Two trainees from the UN-aided Korean Fundamental Education Center at Suwon, south west of Seoul, discuss the sesame crop with farmers in a nearby village. The Center was set up by the UNKRA in 1956 to train leaders in rural development work and is now being operated by the UN Educational, Scientific and Cultural Organization (UNESCO). Students attend classes at the Center itself and then gain a first-hand view of rural problems through field work in laboratory villages.
Yosu Fisheries School which has been rehabilitated and re-equipped by UNKRA at a cost of $90,000.
Students loading flaked ice from a quayside ice plant prior to departing on a fishing trip. Yosu Fisheries School owns two trawlers and students take turns on going out on fishing expeditions as part of their training.
Three vocational training centers that will improve technical education in the Korean province of Cholla-namdo we're officially opened at a joint ceremony held at Kwangju Technical High School today (4 March 1958). The schools, Kwangju and Mokpe Technical High Schools and Yosu Fishery School, are part of an overall $11,500,000 educational programme under which the United Nations Korean Reconstruction Agency (UNKRA) has built over 4700 classrooms, re- equipped laboratories and libraries, imported teaching aids, constructed a merchant marine academy, established two training institutes, as well as setting up seven vocational training centers in the main cities of the country. Here, at the Kwangju Technical High School where one of the centers was opened, students are shown working on a newly-built forge. The school, with 1,750 students, lays emphasis on electrical and mechanical engineering and textile spinning processes to fit in with the main industries of the Kwangju area. UNKRA allocated $268,000 to supply construction materials for ten classrooms, a machine shop and an electrical laboratory.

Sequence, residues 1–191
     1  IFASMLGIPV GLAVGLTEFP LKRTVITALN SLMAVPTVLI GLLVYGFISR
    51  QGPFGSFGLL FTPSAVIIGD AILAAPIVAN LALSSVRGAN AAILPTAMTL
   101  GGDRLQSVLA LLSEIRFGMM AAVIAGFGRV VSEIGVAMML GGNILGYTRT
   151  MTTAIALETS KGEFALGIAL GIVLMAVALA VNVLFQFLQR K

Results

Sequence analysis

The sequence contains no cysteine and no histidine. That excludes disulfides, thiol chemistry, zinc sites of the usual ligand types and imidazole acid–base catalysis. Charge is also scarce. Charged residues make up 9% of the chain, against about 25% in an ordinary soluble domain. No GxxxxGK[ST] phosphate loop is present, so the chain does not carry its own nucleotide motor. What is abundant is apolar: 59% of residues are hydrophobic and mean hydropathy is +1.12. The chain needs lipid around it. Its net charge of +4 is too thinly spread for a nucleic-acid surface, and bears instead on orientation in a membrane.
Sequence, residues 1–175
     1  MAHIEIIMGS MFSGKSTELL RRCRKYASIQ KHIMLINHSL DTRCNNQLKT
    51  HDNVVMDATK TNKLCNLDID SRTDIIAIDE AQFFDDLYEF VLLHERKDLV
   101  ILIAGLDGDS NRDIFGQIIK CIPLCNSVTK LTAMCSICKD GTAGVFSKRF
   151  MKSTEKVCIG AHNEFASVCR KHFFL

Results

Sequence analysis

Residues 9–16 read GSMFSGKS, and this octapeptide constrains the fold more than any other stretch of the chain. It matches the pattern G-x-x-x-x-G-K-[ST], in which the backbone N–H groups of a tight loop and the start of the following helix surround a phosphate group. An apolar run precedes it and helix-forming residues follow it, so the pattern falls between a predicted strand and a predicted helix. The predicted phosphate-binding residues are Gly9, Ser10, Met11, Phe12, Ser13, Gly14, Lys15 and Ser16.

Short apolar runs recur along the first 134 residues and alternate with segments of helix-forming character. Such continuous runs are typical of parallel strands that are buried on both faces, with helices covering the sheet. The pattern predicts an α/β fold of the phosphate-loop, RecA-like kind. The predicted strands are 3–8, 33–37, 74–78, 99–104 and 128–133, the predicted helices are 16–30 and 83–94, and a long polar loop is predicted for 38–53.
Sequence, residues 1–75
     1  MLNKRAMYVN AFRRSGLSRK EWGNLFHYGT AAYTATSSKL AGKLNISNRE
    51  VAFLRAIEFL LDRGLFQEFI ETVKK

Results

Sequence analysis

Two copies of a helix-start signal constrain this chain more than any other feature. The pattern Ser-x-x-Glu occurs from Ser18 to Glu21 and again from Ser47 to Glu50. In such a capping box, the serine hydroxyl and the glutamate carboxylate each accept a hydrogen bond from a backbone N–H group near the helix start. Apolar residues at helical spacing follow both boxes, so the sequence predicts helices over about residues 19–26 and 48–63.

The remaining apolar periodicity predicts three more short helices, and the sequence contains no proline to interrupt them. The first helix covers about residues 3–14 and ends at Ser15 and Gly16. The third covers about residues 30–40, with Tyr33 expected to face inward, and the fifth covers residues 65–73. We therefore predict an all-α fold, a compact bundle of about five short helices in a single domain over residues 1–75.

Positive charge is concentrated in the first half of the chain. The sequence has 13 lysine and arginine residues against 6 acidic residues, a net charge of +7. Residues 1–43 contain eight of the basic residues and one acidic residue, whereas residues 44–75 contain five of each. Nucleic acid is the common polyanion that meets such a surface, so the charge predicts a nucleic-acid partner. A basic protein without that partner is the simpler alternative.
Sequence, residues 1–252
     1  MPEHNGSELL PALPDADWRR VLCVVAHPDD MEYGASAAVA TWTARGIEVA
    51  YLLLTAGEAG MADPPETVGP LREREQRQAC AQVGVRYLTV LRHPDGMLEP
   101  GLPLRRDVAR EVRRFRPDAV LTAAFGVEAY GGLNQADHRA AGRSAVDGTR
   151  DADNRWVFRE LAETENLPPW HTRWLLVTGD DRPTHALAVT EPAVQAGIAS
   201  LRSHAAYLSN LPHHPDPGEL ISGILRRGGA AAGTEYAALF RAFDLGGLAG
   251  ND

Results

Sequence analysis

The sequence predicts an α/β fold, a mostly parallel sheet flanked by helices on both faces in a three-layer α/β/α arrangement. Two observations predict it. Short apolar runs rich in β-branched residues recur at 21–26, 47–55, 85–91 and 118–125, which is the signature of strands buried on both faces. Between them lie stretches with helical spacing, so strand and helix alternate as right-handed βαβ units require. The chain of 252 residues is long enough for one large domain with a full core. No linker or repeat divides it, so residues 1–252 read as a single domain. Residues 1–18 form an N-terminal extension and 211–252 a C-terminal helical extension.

Here, students from the Yosu Fisheries School are shown handling and packing fish on a trawler. The 40 year old School is not only part of UNKRA's educational programme but also of the extensive assistance given in the re-establishment of the fishing industry,.
Here, in one of the Dai Han mines workmen are using one of the Joy Sullivan diamond boring machines imported by UNKRA. The machine, which is used in obtaining stone and coal cores for exploration purposes, can bore holes up to 500 feet in depth, using diamond bits. After prolonged use, the bits can be re-set and used again.
New techniques and modern safety measures have come in the wake of mining machinery and equipment imported by the United Nations Korean Reconstruction Agency (UNKRA) under its $13,361,000 programme for the rehabilitation of Korean coal and metal mines. As a consequence, production in the Government-owned Dai Han group of coal mines has surpassed the target figures set in the five year production plan, having risen from an annual output of 667,631 tons in 1954 to over 1,520,000 tons in 1957. Here, in the mine of the Dai Han group, a workman operates one of the Holman compressed-air drills, nicknamed the Jumbo Rig, imported by UNKRA. Using heavy jack drills and equipped with hydraulically-operated telescopic arms, it has a penetration speed of four feet per minute.